Cancers frequently exploit developmental genes/pathways to sustain their uncontrolled growth and invasion. To study the molecular mechanisms of prostate cancer (PCa) progression, we are focusing on the potential role of SOX9, an important developmental transcription factor. We have discovered that SOX9 is expressed in human fetal prostate epithelial cells and in the basal cells of adult prostate, suggesting it is involved in prostate organogenesis and homeostasis. Significantly, SOX9 is also expressed in primary and metastatic prostate cancer (PCa) in vivo and in PCa cell lines in vitro. Its expression is further increased in hormone refractory recurrent PCa, suggesting SOX9 is a potential biomarker for more aggressive PCa. SOX9 over-expression in LNCaP PCa cell renders cancer cells more efficiently establish in vivo xenografts and local invasion in mice. These xenografts accumulates extracellular matrix (ECM) and carry a vast vascular network, suggesting SOX9 promotes tumor growth by inducing tumor ECM production and angiogenesis. Microarray analyses of SOX9 regulated genes in response to SOX9 over-expression in LNCaP cells has selected several potential targets that are involved in cell proliferation, ECM formation and angiogenesis. Down-regulation of endogenous SOX9 by siRNA decreases cell proliferation and causes a cell cycle shift to G0/G1 in PCa cell lines and a reduced growth in PCa xenografts. Our studies further show that SOX9 expression in PCa cells is regulated by the Wnt/2-catenin, hedgehog (Hh), and androgen signaling pathways, suggesting SOX9 may be an important mediator of these critical pathways for prostate development and homeostasis, and for PCa growth and progression. These data suggest that SOX9, as a transcriptional factor, regulates genes (such as EMC proteins, proangiogenic factor or growth factors) expressed in basal cells that are critical to support the generation or survival of secretory epithelial cells in normal prostate. In PCa, dysregulated SOX9 expression allows the tumor cells to grow at local and metastatic sites in the absence of basal cell support. The overall goal of this proposal is to define the molecular mechanisms of SOX9 functions by identifying and validating SOX9 regulated genes or pathways in PCa cell lines, xenografts and patient samples. SOX9 function in PCa establishment and growth will be investigated through specific up- or down-regulating SOX9 expression in PCa cells and tumors. Finally, SOX9 and its target gene expression in PCa will be interrogated for its correlation with PCa establishment and progression as well as its potential as a prognostic biomarker. This study will not only provide insight in the molecular mechanisms of SOX9 functions in development and homeostasis of normal prostate, as well as in the tumorigenesis and progression of PCa. Public Health Relevance: We will study the functions of SOX9 in prostate development, maintenance and prostate cancer development and progression. Our results will lead to a better understanding of the molecular mechanisms of SOX9 function and identify potential targets for cancer therapy.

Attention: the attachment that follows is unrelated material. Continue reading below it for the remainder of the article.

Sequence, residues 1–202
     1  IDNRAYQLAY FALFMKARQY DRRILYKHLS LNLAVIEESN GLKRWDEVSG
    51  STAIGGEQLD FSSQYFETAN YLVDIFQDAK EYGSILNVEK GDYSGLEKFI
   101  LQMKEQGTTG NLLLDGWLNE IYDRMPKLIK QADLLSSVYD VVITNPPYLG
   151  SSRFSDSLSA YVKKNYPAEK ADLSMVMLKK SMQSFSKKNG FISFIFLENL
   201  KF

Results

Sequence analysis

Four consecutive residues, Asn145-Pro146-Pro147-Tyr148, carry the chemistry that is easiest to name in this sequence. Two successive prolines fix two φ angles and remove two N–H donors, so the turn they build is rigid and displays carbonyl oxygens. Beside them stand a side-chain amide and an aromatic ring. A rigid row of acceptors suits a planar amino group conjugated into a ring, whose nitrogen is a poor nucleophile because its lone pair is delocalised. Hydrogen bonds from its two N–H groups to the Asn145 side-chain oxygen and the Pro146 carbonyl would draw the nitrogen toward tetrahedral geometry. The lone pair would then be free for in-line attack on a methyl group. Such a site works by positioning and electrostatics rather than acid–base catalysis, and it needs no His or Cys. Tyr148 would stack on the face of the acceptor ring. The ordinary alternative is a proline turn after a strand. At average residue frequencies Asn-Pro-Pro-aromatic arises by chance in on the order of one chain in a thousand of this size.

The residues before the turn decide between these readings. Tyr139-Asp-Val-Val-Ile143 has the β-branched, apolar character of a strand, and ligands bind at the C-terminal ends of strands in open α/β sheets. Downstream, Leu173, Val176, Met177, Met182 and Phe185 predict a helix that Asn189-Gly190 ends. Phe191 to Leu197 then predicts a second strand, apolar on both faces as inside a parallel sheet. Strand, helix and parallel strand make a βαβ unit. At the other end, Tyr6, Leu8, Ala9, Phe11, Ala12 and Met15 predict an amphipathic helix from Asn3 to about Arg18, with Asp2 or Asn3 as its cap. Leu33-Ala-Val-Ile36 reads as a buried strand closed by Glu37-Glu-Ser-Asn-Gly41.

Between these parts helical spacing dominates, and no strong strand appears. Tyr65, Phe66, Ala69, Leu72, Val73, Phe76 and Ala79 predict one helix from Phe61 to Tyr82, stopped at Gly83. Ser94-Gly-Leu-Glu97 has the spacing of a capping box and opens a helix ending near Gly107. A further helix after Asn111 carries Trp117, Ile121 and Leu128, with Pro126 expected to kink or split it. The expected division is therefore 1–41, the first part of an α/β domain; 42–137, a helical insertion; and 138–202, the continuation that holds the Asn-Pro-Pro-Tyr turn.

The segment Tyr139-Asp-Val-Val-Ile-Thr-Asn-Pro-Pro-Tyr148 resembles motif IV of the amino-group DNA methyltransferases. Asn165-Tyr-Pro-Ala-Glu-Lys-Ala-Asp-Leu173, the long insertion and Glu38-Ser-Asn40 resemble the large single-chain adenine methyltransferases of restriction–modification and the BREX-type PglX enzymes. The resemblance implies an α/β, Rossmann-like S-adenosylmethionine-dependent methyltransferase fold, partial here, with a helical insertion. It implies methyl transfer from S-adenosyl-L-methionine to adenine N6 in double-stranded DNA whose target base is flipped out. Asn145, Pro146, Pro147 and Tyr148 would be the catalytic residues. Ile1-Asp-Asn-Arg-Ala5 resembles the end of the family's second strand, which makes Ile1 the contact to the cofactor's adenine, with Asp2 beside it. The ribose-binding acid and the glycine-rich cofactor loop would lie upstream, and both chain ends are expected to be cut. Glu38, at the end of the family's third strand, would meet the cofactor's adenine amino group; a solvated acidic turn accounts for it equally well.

Agency
National Institute of Health (NIH)
Institute
National Institute of Diabetes and Digestive and Kidney Diseases (NIDDK)
Type
Research Project (R01)
Project #
5R01DK079962-05
Application #
8233930
Study Section
Urologic and Kidney Development and Genitourinary Diseases Study Section (UKGD)
Program Officer
Hoshizaki, Deborah K
Project Start
2008-03-19
Project End
2014-02-28
Budget Start
2012-03-01
Budget End
2014-02-28
Support Year
5
Fiscal Year
2012
Total Cost
$354,061
Indirect Cost
$145,790
Name
Beth Israel Deaconess Medical Center
Department
Type
DUNS #
071723621
City
Boston
State
MA
Country
United States
Zip Code
02215
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Wang, Hongyun; He, Lingfeng; Ma, Fen et al. (2013) SOX9 regulates low density lipoprotein receptor-related protein 6 (LRP6) and T-cell factor 4 (TCF4) expression and Wnt/ýý-catenin activation in breast cancer. J Biol Chem 288:6478-87
Fang, Zi; Zhang, Tao; Dizeyi, Nishtman et al. (2012) Androgen Receptor Enhances p27 Degradation in Prostate Cancer Cells through Rapid and Selective TORC2 Activation. J Biol Chem 287:2090-8